Neil Shelley, our Technical Production Consultant states, “Adobe’s Premiere Pro is currently an industry standard and is a trusted software for the completion of nearly any digital video project. However, it has its limitations, one in that it is permanently attached to the suite of programs that Adobe wants to charge a hefty monthly fee for. While the Adobe Creative Suite tries their best to satisfy all forms of creative digital media content creation, Blackmagic’s DaVinci Resolve is entirely and only based on digital video. DaVinci Resolve has a much more friendly and simply looking interface than Premiere, however the program has exponentially expanded over the past few years by adding other entire pieces of dedicated software, essentially making DaVinci Resolve a suite of programs, that live inside one application. As such, the ceiling to learn DaVinci is much higher, the dedicated media management, editing, VFX, audio, and color correction tabs are essentially separate programs, all each very powerful. You don’t need to learn all of them, but the ceiling, and possibilities with DaVinci is nearly endless. With that being said, one of the most surprising and appealing things about DaVinci is the non-existent price tag. Simply put, no other creative software has as much functionality and power while being so inexpensive and accessible as Davinci Resolve. Do you need to learn it now? No. But you may very well have no choice in the future.”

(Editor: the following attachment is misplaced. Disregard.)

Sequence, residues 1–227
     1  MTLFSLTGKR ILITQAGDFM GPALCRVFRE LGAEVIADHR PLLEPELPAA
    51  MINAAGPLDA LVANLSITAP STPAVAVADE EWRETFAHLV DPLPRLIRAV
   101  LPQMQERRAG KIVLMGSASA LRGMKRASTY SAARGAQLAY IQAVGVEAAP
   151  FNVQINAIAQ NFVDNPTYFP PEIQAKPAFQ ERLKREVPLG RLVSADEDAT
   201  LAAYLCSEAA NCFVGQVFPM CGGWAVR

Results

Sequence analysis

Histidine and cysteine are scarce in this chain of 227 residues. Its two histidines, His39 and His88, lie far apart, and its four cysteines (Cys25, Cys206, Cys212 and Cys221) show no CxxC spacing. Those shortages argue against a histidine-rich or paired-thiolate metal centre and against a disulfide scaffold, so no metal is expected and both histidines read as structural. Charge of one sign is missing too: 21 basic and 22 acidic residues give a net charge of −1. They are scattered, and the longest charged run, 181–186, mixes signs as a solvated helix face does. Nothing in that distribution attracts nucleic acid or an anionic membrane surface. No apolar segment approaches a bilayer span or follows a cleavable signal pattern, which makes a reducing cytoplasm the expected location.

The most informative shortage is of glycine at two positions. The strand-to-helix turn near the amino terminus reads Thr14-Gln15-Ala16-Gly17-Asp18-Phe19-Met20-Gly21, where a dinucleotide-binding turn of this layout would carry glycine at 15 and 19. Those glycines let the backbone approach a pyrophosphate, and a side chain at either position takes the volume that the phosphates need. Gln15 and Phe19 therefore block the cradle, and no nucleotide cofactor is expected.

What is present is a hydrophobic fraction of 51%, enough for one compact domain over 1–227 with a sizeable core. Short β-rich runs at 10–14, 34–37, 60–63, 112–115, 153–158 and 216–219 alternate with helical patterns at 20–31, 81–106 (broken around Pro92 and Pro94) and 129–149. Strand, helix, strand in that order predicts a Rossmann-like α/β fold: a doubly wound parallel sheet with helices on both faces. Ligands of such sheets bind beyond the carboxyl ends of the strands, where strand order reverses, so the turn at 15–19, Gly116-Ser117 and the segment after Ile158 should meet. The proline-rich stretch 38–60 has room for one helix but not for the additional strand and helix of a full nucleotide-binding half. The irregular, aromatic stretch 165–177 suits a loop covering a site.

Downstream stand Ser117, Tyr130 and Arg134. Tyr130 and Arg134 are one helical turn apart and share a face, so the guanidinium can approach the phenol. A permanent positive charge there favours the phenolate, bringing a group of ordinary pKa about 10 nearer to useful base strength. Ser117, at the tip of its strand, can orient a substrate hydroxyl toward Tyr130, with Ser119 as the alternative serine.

While we as a team, plan and hope to be well versed in both programs to provide the best quality for the organizations we work with, we can’t yet collectively say which software is better. We all have our different preferences for different reasons, and really, isn’t that the great thing about creativity? Having options? We’d love to hear your thoughts. Do you use either software? What are your pros and cons? Feel free to send us your thoughts to